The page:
- The Washington Times - Wednesday, December 15, 1999

The skies have darkened on the fearless Red Baron.
Snoopy will ascend his doghouse no more.
Good grief, America, Charles Schulz is retiring, taking with him sassy Lucy and that goofy Charlie Brown simple pen and ink characters who rose from the funny papers to capture the spirit of childhood for a nation that grinned at their antics for nearly 50 years.
“It’s the end of an era,” said Dilbert cartoonist Scott Adams, who was saddened by the news that his colleague was ending his popular “Peanuts” strip.
“If you look at my cartoon, there is a guy who is kind of a loser. He’s got a dog who is a little bit smarter than he is. It’s not a coincidence,” Mr. Adams said of his comic strip. “[Schulz] was the biggest influence of my professional career.”
Mr. Schulz, 77, was diagnosed with cancer after undergoing surgery Nov. 16 for a blocked abdominal aorta. During the operation, doctors found a malignancy in his colon. He plans to retire Jan. 4, the day after the final daily strip runs.
“Although I feel better following my recent surgery, I want to focus on my health and my family without the worry of a daily deadline,” Mr. Schulz said in a statement.
His final Sunday strip will appear Feb. 13, according to syndicate United Media, which plans to distribute old editions of “Peanuts,” beginning with strips from 1974, for an indefinite period. The upcoming strips will come from a backlog Mr. Schulz built before he became ill.
Leaving Linus, Pig Pen, and Peppermint Patty behind does not come easy, Mr. Schulz’s wife added.
“I think we have to say that he’s sad about it,” Jean Schulz said.
Free-lance cartoonist Bob Staake of St. Louis, Mo., said Mr. Schulz, known as “Sparky” to his colleagues in the National Cartoonists Society, was generous with his time, unpretentious and kindhearted.
“He always spoke with such clarity about those simple, fleeting moments that we all have that bind us to both our adulthood and our childhood, those simple and honest sparks about what it means to be a human being,” Mr. Staake said.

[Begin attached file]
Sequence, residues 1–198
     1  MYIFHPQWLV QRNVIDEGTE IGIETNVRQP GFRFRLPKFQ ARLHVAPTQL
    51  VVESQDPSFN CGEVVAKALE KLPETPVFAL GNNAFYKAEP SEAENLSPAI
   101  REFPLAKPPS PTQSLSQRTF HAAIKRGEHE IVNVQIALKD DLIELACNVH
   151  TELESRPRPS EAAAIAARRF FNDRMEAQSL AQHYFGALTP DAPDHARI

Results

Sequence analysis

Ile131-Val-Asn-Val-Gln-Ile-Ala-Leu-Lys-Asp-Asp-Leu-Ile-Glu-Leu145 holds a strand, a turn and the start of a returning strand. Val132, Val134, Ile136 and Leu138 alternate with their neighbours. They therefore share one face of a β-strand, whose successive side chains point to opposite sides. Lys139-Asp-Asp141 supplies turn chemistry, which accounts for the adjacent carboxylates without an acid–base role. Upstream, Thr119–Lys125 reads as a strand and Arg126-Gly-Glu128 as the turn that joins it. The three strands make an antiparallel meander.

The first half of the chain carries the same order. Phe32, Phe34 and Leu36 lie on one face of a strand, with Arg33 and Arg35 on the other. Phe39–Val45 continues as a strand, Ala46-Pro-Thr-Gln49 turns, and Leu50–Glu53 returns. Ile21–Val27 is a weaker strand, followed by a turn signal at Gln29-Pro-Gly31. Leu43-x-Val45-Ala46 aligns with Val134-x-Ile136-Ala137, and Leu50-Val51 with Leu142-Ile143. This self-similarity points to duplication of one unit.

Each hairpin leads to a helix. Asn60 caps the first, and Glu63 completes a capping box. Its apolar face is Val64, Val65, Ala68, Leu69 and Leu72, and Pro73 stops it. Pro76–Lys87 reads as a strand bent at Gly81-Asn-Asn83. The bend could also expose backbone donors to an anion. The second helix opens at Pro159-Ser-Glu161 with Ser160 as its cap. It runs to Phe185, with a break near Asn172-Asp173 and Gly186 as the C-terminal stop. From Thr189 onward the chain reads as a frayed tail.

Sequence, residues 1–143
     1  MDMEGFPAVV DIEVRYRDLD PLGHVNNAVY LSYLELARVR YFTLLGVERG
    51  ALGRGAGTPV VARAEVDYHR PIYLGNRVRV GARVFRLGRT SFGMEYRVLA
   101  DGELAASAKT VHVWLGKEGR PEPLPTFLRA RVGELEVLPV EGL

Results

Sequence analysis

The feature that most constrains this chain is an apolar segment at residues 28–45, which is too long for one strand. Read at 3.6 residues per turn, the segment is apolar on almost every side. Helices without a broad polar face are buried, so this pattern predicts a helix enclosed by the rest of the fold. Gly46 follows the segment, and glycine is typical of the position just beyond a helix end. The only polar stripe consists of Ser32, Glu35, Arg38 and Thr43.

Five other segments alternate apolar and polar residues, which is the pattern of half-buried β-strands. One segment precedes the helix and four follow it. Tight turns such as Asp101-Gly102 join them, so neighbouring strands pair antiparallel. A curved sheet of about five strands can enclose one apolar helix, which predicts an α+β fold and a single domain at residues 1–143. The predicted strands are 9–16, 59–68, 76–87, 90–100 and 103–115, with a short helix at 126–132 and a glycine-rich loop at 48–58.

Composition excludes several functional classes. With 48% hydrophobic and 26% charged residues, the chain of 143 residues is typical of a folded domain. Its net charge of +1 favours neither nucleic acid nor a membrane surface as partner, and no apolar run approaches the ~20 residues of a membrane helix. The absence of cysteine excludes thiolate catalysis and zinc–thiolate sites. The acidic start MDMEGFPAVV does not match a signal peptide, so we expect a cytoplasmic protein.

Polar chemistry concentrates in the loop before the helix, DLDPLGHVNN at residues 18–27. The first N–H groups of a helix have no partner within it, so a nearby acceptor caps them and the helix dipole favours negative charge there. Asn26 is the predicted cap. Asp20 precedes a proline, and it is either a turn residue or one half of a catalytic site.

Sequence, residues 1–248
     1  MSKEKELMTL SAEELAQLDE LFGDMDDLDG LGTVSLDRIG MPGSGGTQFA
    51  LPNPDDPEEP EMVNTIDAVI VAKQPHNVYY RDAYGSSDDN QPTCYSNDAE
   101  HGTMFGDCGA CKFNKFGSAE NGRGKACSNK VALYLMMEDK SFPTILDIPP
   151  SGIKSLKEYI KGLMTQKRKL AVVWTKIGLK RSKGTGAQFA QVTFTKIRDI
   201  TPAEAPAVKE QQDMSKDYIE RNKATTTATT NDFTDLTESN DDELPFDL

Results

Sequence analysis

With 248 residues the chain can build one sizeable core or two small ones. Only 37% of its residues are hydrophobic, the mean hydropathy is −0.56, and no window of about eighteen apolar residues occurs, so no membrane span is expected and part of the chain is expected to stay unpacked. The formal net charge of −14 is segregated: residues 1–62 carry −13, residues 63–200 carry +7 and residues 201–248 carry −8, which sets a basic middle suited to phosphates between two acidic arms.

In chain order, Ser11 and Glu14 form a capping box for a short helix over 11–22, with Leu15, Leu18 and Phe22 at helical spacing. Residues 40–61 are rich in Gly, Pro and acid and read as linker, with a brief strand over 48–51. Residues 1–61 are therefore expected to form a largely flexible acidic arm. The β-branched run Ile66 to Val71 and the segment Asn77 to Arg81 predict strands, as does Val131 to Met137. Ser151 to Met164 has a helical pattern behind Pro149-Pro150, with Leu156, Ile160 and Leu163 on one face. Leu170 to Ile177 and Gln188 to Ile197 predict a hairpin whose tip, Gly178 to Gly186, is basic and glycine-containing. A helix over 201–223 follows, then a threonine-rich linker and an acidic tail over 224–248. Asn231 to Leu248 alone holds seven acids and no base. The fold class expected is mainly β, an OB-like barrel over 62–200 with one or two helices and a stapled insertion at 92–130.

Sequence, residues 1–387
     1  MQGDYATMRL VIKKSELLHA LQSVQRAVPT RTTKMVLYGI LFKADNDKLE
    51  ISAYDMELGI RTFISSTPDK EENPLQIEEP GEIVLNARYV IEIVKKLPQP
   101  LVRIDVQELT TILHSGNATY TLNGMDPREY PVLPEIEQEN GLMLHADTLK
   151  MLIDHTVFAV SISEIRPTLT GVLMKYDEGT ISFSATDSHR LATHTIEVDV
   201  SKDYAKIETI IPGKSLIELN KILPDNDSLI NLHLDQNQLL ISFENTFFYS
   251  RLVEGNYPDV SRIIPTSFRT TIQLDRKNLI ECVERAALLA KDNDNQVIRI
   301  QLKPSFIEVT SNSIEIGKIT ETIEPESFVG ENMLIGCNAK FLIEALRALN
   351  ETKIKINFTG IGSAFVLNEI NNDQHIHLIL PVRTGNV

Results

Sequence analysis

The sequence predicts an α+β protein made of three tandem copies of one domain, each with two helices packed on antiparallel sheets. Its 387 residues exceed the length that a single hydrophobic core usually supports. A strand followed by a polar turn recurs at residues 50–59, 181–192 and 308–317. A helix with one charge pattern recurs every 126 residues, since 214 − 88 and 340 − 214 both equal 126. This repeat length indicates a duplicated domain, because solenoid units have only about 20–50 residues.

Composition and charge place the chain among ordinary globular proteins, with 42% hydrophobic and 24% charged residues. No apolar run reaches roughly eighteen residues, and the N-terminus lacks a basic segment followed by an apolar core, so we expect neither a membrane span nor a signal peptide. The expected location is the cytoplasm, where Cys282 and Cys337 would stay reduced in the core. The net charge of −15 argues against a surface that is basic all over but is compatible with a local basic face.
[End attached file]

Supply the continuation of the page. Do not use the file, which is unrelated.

His unique skill and style will help Mr. Schulz go down in history “as perhaps the most brilliant cartoonist of all time,” Mr. Staake said.
Mr. Schulz was born in St. Paul, Minn., on Nov. 26, 1922, and studied art after he saw a “Do you like to draw?” ad. After serving in the Army during World War II, he did lettering for a church comic book, taught art and sold cartoons to the Saturday Evening Post.
His first feature, “Li’l Folks,” was developed for the St. Paul Pioneer Press in 1947. In 1950, it was sold to a syndicate and renamed though he admitted later he didn’t like the title “Peanuts.”
The popularity of the strip soared in October 1965 when Snoopy turned his doghouse into a Sopwith Camel airplane for the first of many engagements with the Baron. The following year, a group called the Royal Guardsmen had a No. 2 single, “Snoopy vs. the Red Baron.”
Mr. Schulz’s character Charlie Brown, named after a friend at art school, was to some extent the cartoonist’s alter ego. Snoopy, Charlie Brown’s loyal and wildly imaginative beagle, was inspired by a dog Mr. Schulz had as a child that he recalled as “the smartest and most uncontrollable dog that I have ever seen.”
Although he remained a private person, “Peanuts” brought Mr. Schulz international fame. He won the Reuben Award, comic art’s highest honor, in 1955 and 1964. In 1978, he was named International Cartoonist of the Year, an award voted by 700 comic artists around the world.

This article is based in part on wire service reports.

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